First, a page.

These were desperate times...Greta’s first birthday was the following week. We were hosting a family party. I needed a working vacuum.
After lots of explaining and demanding...I successfully returned the absent vacuum and purchased a new one. Problem solved.
The empty paint can.
In this instance, I was very noticeably pregnant, which I believe helped my case:-) I purchased a gallon of interior latex paint from Lowes. I don’t recall the brand, but it was “guaranteed to cover any paint color in only one coat”. I had them tint the base a beautiful soft yellow. The perfect newborn color.
I proceeded to paint the room. I was painting over a pale lavender.
The new paint didn’t cover well. At all.
One coat coverage? Baloney.
I painted the entire room. I used every drop of paint in hopes that it would miraculously cover well once it was fully dry. No luck.
I grabbed the receipt and the empty can and waddled back to Lowes.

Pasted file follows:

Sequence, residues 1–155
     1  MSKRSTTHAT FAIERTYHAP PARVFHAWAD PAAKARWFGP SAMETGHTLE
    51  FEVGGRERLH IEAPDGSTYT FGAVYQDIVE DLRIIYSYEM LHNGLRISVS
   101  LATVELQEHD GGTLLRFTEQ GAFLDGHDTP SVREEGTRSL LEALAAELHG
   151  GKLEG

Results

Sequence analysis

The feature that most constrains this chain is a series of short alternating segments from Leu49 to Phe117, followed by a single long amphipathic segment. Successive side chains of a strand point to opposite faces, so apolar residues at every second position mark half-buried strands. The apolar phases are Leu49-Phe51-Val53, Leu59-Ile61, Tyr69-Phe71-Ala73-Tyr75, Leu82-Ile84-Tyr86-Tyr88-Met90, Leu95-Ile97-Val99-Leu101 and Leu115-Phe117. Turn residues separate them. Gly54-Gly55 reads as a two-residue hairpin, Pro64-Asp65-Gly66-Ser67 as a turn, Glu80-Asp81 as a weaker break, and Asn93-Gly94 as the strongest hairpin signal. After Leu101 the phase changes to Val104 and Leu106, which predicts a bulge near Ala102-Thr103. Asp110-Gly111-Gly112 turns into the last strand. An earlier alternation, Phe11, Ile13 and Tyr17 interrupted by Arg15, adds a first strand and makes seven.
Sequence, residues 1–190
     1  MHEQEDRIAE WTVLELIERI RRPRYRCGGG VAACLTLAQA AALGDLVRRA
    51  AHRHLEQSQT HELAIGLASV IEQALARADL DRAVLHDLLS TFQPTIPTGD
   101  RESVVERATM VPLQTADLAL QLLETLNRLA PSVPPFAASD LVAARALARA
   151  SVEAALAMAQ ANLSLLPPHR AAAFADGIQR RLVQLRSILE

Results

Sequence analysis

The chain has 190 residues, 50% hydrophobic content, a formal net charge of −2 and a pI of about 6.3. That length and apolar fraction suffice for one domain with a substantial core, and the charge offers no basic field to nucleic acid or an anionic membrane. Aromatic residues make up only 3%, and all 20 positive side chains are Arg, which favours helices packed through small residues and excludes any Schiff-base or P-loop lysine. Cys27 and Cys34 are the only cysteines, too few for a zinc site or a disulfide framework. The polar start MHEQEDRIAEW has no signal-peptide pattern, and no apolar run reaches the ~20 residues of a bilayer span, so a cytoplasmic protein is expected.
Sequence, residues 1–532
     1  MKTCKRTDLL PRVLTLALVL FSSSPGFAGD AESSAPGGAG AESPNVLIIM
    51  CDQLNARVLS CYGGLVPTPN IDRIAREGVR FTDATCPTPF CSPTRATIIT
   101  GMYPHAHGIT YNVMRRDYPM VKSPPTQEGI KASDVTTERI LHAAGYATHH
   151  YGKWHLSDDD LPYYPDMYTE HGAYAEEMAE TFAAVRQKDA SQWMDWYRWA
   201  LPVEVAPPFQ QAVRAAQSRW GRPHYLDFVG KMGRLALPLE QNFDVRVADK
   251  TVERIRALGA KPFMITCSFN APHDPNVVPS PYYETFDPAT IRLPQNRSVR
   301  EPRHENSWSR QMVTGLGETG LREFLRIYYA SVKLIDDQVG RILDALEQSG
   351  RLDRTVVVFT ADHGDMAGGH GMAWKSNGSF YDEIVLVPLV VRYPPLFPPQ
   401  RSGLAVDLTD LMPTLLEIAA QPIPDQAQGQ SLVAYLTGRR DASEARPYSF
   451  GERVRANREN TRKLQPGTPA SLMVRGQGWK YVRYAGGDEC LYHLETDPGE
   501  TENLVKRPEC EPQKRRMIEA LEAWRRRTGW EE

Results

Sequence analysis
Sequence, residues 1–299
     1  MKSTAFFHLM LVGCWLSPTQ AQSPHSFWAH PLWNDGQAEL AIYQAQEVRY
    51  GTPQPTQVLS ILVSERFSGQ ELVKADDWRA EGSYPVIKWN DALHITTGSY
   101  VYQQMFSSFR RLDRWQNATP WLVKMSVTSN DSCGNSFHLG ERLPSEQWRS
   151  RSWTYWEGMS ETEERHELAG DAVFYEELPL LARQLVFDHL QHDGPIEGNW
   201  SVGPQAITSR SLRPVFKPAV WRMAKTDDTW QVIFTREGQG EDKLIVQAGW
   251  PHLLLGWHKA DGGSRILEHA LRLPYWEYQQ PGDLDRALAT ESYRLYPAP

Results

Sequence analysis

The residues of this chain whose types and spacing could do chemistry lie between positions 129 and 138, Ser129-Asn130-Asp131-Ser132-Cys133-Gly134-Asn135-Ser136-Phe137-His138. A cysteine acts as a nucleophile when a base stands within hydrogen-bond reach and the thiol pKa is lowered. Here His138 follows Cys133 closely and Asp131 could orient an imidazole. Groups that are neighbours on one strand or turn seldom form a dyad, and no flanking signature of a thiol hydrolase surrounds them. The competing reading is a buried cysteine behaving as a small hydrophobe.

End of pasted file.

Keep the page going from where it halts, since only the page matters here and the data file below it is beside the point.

I requested a refund. The man assured me that the can was empty. I agreed and told him the paint was on the wall. Further explaining that I’d purchased the correct quantity for the room size and the coverage was terrible.
Again, after much discussion and demanding, I was refunded my money and purchased a second can of paint to finish the job.
Here’s what I tell my clients regarding returns:
The very first and most important rule of returning is this...
Only buy what you absolutely love!
The chances of needing to return something are much greater if you don’t love it to begin with. So, if you’re on the fence in the fitting room...don’t buy it! Don’t expect the garment to miraculously improve once you take it home, chance are it won’t.
1. What's the policy?
Know the store’s return policy before you buy. There are loads of different return policies out there. Learn what’s acceptable in your favorite shops.
Anthroplogie? Best return policy in the business!
Forever 21? 21 days to receive store credit only. Jewelry cannot be returned.